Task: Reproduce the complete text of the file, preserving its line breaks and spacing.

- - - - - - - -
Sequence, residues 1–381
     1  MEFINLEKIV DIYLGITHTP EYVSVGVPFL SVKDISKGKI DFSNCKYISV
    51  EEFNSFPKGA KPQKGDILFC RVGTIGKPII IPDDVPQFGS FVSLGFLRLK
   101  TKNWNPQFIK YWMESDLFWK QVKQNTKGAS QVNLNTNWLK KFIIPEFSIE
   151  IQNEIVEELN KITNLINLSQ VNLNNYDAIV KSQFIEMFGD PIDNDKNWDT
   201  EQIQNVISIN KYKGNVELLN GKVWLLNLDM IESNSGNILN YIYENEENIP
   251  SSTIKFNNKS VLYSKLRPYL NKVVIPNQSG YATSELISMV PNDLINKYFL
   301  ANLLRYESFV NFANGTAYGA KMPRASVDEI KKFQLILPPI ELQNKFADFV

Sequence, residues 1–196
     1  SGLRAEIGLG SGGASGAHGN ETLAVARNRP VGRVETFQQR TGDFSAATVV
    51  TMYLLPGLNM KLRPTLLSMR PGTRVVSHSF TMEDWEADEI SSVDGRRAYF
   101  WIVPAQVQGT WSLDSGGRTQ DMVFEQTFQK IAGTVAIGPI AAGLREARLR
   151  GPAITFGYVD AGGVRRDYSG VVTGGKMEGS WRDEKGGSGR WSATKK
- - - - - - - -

Sequence, residues 1–381
     1  MEFINLEKIV DIYLGITHTP EYVSVGVPFL SVKDISKGKI DFSNCKYISV
    51  EEFNSFPKGA KPQKGDILFC RVGTIGKPII IPDDVPQFGS FVSLGFLRLK
   101  TKNWNPQFIK YWMESDLFWK QVKQNTKGAS QVNLNTNWLK KFIIPEFSIE
   151  IQNEIVEELN KITNLINLSQ VNLNNYDAIV KSQFIEMFGD PIDNDKNWDT
   201  EQIQNVISIN KYKGNVELLN GKVWLLNLDM IESNSGNILN YIYENEENIP
   251  SSTIKFNNKS VLYSKLRPYL NKVVIPNQSG YATSELISMV PNDLINKYFL
   301  ANLLRYESFV NFANGTAYGA KMPRASVDEI KKFQLILPPI ELQNKFADFV

Sequence, residues 1–196
     1  SGLRAEIGLG SGGASGAHGN ETLAVARNRP VGRVETFQQR TGDFSAATVV
    51  TMYLLPGLNM KLRPTLLSMR PGTRVVSHSF TMEDWEADEI SSVDGRRAYF
   101  WIVPAQVQGT WSLDSGGRTQ DMVFEQTFQK IAGTVAIGPI AAGLREARLR
   151  GPAITFGYVD AGGVRRDYSG VVTGGKMEGS WRDEKGGSGR WSATKK